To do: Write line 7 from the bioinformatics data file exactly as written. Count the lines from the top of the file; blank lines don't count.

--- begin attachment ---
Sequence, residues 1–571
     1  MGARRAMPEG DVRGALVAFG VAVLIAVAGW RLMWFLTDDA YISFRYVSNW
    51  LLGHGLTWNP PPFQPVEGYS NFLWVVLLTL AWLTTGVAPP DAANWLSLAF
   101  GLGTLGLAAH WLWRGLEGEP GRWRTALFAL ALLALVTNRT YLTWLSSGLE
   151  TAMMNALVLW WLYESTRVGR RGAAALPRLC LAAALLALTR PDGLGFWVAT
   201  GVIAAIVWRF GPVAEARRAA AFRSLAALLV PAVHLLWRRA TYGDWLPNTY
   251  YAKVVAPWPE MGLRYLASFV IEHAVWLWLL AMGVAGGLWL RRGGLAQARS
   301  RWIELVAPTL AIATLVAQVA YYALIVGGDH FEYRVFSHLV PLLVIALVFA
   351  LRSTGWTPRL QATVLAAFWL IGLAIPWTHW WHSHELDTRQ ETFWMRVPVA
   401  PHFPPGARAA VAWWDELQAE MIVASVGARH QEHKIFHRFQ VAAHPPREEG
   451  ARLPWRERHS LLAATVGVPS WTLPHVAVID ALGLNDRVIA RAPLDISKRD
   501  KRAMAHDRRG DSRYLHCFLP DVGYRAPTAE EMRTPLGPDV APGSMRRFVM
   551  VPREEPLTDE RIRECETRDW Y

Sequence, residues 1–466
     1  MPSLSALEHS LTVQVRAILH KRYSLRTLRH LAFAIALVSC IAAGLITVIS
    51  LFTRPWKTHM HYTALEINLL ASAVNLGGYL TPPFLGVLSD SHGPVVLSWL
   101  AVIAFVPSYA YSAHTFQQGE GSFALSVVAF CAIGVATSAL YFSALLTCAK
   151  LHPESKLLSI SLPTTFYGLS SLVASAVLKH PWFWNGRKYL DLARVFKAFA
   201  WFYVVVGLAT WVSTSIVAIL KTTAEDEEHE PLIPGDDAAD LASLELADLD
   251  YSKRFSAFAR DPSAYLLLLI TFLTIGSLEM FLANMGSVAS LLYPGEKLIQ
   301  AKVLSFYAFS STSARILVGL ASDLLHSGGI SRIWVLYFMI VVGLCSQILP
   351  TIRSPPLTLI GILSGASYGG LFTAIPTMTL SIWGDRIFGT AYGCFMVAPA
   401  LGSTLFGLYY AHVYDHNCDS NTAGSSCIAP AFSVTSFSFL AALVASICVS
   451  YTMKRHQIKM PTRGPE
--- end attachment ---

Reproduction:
   251  YAKVVAPWPE MGLRYLASFV IEHAVWLWLL AMGVAGGLWL RRGGLAQARS